For more fine-grained control, libcurl allows a number of callbacks to be associated with each connection. In pycurl, callbacks are defined using the setopt() method for Curl objects with options WRITEFUNCTION, READFUNCTION, HEADERFUNCTION, PROGRESSFUNCTION, IOCTLFUNCTION, or DEBUGFUNCTION. These options correspond to the libcurl options with CURLOPT_* prefix removed. A callback in pycurl must be either a regular Python function, a class method or an extension type function.
There are some limitations to some of the options which can be used concurrently with the pycurl callbacks compared to the libcurl callbacks. This is to allow different callback functions to be associated with different Curl objects. More specifically, WRITEDATA cannot be used with WRITEFUNCTION, READDATA cannot be used with READFUNCTION, WRITEHEADER cannot be used with HEADERFUNCTION, PROGRESSDATA cannot be used with PROGRESSFUNCTION, IOCTLDATA cannot be used with IOCTLFUNCTION, and DEBUGDATA cannot be used with DEBUGFUNCTION. In practice, these limitations can be overcome by having a callback function be a class instance method and rather use the class instance attributes to store per object data such as files used in the callbacks.
The signature of each callback used in pycurl is as follows:
The WRITEFUNCTION callback may also return None, which is an alternate way of indicating that the callback has consumed all of the string passed to it.
In addition, READFUNCTION may return READFUNC_ABORT or READFUNC_PAUSE. See the libcurl documentation for an explanation of these values.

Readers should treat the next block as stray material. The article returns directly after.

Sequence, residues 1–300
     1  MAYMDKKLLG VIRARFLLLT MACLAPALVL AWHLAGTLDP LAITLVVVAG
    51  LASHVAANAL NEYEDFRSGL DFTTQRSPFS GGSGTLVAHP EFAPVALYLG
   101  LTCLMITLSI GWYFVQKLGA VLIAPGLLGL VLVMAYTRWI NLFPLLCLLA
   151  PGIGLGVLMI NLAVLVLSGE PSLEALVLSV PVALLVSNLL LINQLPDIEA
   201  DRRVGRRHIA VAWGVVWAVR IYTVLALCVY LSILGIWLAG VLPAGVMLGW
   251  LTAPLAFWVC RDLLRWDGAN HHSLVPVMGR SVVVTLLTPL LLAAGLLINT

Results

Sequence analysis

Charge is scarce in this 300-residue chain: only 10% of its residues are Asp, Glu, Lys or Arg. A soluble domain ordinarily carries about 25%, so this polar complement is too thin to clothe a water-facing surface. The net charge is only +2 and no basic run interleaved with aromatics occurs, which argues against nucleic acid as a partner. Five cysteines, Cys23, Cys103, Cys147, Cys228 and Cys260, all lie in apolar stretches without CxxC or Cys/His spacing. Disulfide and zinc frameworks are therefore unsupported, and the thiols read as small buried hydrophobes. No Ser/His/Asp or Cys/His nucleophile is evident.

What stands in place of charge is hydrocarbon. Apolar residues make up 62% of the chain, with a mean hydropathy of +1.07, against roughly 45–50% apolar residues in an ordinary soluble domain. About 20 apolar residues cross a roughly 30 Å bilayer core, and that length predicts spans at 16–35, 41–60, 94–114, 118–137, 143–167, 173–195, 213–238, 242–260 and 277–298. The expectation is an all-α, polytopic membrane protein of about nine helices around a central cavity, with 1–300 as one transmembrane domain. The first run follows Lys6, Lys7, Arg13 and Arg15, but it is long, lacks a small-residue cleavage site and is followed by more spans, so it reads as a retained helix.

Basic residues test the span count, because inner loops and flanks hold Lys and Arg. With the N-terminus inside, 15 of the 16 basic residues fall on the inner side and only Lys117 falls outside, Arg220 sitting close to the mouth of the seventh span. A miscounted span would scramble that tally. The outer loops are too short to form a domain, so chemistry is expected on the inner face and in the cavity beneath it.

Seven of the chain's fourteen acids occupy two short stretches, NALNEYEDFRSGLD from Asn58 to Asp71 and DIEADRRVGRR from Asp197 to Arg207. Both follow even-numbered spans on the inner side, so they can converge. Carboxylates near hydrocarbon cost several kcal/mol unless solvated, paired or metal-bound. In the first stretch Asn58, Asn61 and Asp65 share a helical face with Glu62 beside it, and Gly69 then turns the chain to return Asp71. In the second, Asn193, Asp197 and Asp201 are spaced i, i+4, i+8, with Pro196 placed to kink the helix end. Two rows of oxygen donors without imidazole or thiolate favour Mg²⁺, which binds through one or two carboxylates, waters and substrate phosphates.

The HEADERFUNCTION callback may also return None, which is an alternate way of indicating that the callback has consumed all of the string passed to it.
This example prints the header data to stderr and the body data to stdout. Also note that neither callback returns the number of bytes written. For WRITEFUNCTION and HEADERFUNCTION callbacks, returning None implies that all bytes where written.
## Callback function invoked when body data is ready def body(buf): # Print body data to stdout import sys sys.stdout.write(buf) # Returning None implies that all bytes were written ## Callback function invoked when header data is ready def header(buf): # Print header data to stderr import sys sys.stderr.write(buf) # Returning None implies that all bytes were written c = pycurl.Curl() c.setopt(pycurl.URL, "http://www.python.org/") c.setopt(pycurl.WRITEFUNCTION, body) c.setopt(pycurl.HEADERFUNCTION, header) c.perform()
This example shows how to use the progress callback. When downloading a document, the arguments related to uploads are zero, and vice versa.
## Callback function invoked when download/upload has progress def progress(download_t, download_d, upload_t, upload_d): print "Total to download", download_t print "Total downloaded", download_d print "Total to upload", upload_t print "Total uploaded", upload_d c = pycurl.Curl() c.setopt(c.URL, "http://slashdot.org/") c.setopt(c.NOPROGRESS, 0) c.setopt(c.PROGRESSFUNCTION, progress) c.perform()
This example shows how to use the debug callback. The debug message type is an integer indicating the type of debug message. The VERBOSE option must be enabled for this callback to be invoked.
def test(debug_type, debug_msg): print "debug(%d): %s" % (debug_type, debug_msg) c = pycurl.Curl() c.setopt(pycurl.URL, "http://curl.haxx.se/") c.setopt(pycurl.VERBOSE, 1) c.setopt(pycurl.DEBUGFUNCTION, test) c.perform()
The pycurl distribution also contains a number of test scripts and examples which show how to use the various callbacks in libcurl. For instance, the file ‘examples/file_upload.py’ in the distribution contains example code for using READFUNCTION, ‘tests/test_cb.py’ shows WRITEFUNCTION and HEADERFUNCTION, ‘tests/test_debug.py’ shows DEBUGFUNCTION, and ‘tests/test_getinfo.py’ shows PROGRESSFUNCTION.